Starting with the longevity.

We know that humans aren't exactly the longest lived members of the Federation by a long chalk, with several species that live substantially longer lives. Vulcans at least live into their third century if they don't get sick with odd strange illnesses, and there's a bunch of other species that have longer lifespans. For that matter it's evidently not at all extraordinary for human Starfleet officers to be in service as centenarians. I don't think it's at all likely for them to have much trouble coming up with trained warriors, especially when there's several Starfleet member planets with strong military traditions like the Andorians.

Second, US Navy Force levels between the Cold War and modern USN aren't particularly helpful when you look at the composition of the ships employed. A modern DDG could wipe the floor with a squadron of Cuban Missile Crisis era frigates and destroyers, or cruisers for that matter. While downsizing was very real, if you note how the force composition changes the difference between 89 and the late 90s boils down to:
  • Removing all the battleships from service.
  • Decommissioning CGNs and CGs in favor of newer aegis equipped DDGs as their refueling cycles or SLEP cycles came up. (Decommissioning of Belknap and the 3 CGN classes that were well into their third decade of service and replacing them with more capable DDG-51s)
  • Significant reduciton in the number of auxiliary ships.
  • Reduction in number of lower performing ships like FFs (like the Knox-class) in favor of increasing proportions of more Burke-class DDGs.

In Starfleet terms it might mean that after the Khitomer Accords, Starfleet demobilized a significant portion of its less useful/flexible ships in favor of ramping up construction of more capable and flexible cruisers. This would coincide with a huge building program of Excelsior and Miranda class ships filling in for all the FASA and FJ auxiliaries and ships of dubious utility.

Also re: Rascals, we know the scenes used for that episode were reuses of the Klingon K'vorts attacking the Enterprise-D in Yesterday's Enterprise, so perhaps those were the very big warship type BoPs retrofitted with more advanced weaponry. Combined with the fact that the klingons are ostensibly allies, and they were in the middle of a delicate rescue operation I'd imagine it's not really Riker's fault that they were caught flatfooted. We know at least that Riker's presence (and tactical acumen?) were considered so vital by Q that he claims no William Riker would have led to no Federation after Wolf 359, and he seemed to have no trouble outmaneuvering the So'na. (The latter granted after a bunch of years of war)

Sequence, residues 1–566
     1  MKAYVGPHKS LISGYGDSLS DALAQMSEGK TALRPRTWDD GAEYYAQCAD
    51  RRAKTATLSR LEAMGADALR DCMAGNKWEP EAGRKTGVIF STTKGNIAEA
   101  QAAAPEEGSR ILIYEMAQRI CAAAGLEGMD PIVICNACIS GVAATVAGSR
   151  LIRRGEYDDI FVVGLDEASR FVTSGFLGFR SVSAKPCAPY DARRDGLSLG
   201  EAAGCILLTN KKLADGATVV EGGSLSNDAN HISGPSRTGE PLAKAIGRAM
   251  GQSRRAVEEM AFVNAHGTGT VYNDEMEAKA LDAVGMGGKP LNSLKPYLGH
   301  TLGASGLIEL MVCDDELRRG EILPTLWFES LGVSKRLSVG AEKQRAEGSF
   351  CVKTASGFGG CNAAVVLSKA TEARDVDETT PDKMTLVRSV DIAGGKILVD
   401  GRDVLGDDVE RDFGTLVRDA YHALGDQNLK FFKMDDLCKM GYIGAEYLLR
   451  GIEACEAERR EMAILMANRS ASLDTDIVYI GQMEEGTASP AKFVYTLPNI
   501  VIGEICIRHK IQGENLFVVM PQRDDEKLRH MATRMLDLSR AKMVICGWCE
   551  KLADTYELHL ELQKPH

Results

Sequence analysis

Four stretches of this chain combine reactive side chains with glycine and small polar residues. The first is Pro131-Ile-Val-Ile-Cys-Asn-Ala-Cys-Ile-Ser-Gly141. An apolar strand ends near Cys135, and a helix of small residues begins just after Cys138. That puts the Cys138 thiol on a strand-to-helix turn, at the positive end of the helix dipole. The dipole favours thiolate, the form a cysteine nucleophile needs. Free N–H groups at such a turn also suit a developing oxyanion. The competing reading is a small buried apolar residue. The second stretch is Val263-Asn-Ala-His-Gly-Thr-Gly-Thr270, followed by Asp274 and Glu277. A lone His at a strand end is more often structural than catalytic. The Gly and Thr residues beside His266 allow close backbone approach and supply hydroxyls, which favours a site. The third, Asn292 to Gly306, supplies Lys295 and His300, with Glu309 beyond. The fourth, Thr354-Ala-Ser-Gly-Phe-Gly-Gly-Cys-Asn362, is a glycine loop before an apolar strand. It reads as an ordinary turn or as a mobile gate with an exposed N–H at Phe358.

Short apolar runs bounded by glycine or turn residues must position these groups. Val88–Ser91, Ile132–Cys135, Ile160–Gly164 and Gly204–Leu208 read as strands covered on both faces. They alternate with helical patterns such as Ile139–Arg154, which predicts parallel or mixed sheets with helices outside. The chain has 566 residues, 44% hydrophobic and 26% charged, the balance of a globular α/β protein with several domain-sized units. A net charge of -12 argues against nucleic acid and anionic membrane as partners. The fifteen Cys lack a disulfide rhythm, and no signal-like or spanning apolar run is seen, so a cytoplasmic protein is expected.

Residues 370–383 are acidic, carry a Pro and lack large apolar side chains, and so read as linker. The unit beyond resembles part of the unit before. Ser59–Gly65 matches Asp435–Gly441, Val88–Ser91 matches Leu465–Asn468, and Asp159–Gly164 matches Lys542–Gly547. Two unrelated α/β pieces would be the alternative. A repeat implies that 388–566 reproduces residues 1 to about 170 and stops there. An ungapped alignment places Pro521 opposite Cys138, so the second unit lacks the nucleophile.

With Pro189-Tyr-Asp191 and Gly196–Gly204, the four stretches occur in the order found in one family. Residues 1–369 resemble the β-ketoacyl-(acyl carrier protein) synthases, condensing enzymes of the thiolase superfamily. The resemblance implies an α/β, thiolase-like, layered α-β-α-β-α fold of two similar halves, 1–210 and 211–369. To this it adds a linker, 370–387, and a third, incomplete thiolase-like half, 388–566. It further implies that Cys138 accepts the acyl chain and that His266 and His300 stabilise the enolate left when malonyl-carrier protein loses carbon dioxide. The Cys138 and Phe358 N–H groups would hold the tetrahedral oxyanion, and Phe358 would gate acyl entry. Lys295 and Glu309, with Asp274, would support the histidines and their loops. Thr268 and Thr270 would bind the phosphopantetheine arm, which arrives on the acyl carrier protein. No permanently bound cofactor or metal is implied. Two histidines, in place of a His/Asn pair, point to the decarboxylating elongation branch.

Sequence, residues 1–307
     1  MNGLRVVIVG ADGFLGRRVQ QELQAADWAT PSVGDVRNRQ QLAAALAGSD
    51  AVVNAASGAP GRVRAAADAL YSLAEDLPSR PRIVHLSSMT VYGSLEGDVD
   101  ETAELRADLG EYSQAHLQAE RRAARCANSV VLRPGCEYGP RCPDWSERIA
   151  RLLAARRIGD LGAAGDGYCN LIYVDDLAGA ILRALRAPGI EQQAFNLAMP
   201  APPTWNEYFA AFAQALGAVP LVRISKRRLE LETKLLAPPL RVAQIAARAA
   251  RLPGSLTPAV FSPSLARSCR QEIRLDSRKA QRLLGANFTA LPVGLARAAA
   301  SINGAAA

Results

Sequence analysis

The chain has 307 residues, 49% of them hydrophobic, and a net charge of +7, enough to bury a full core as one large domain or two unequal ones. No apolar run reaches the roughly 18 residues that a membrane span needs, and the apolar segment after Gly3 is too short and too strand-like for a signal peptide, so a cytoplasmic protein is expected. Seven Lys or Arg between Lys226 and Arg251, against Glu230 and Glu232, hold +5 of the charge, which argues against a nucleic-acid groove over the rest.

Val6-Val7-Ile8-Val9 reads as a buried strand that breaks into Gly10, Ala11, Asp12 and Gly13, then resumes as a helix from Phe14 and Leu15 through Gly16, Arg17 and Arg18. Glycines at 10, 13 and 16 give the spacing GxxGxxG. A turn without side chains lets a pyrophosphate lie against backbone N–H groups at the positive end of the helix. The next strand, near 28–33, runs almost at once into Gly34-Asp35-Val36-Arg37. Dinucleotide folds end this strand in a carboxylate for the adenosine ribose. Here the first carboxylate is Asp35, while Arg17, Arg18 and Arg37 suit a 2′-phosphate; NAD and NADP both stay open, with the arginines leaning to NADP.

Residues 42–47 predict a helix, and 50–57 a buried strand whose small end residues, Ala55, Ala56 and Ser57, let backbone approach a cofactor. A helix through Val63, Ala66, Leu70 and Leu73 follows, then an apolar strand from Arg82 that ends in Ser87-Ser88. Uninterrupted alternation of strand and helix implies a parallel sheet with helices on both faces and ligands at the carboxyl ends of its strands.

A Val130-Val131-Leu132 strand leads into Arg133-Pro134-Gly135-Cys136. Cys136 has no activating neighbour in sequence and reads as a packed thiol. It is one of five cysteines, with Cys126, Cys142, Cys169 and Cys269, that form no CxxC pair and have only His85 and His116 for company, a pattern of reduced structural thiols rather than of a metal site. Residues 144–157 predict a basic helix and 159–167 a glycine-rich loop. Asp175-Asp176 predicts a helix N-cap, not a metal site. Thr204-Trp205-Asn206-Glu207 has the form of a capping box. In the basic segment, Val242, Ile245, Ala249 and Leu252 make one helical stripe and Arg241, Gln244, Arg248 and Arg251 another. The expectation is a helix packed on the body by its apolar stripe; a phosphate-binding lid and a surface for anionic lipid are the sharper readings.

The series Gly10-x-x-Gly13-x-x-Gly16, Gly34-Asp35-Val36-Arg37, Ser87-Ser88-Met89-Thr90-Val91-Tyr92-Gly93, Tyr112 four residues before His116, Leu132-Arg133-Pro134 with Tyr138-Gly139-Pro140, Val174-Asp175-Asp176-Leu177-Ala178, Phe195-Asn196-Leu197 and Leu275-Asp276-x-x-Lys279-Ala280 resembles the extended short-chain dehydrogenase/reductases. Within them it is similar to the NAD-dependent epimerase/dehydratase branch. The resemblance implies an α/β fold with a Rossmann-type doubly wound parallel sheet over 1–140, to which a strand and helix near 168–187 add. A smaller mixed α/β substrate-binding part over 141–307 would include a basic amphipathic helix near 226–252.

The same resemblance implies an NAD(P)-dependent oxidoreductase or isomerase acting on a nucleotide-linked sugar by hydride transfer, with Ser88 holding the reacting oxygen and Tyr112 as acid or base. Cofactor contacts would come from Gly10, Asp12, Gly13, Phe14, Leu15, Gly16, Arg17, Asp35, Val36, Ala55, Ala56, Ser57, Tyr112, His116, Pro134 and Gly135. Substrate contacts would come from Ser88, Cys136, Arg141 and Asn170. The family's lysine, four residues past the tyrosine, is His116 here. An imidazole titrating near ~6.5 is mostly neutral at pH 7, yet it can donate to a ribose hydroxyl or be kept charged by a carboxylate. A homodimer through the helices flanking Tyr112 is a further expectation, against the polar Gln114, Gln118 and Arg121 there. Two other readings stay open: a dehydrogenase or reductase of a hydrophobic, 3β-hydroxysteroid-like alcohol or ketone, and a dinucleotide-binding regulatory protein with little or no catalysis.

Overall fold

Further in hand to hand combat Starfleet officers seemed more than capable of holding their own against Klingons circa 2370 (Way of the Warrior), so I don't think the "they let their military training lapse" thing really works as a reason.
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Old September 8 2013, 04:12 PM   #19
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Re: Yesterday's Enterprise: How is the Federation Losing So Badly?

I'm going to start back again with numbers.

Nob Akimoto wrote: View Post
Second, US Navy Force levels between the Cold War and modern USN aren't particularly helpful when you look at the composition of the ships employed.
To me it's more a numbers game. If we kept up the same number of ships from the Cold War and continued to upgrade them, we'd have more capable ships today. Instead we have far fewer ships and that means we're less able to absorb losses if we were to be involved in a war.

Nob Akimoto wrote: View Post
A modern DDG could wipe the floor with a squadron of Cuban Missile Crisis era frigates and destroyers, or cruisers for that matter.
Ah but I'm not talking about old vs new. I'm talking about numbers of ships. (And to your argument, "A modern DDG could wipe the floor with a squadron of older ships" but a squadron of modern DDGs will wipe the floor with a squadron of older ships.)

Nob Akimoto wrote: View Post
In Starfleet terms it might mean that after the Khitomer Accords, Starfleet demobilized a significant portion of its less useful/flexible ships in favor of ramping up construction of more capable and flexible cruisers. This would coincide with a huge building program of Excelsior and Miranda class ships filling in for all the FASA and FJ auxiliaries and ships of dubious utility.
A significant portion being mothballed could mean leaving behind a majority of ships not optimized for combat stuck being used for wartime needs during the war in "Yesterday's Enterprise".

Nob Akimoto wrote: View Post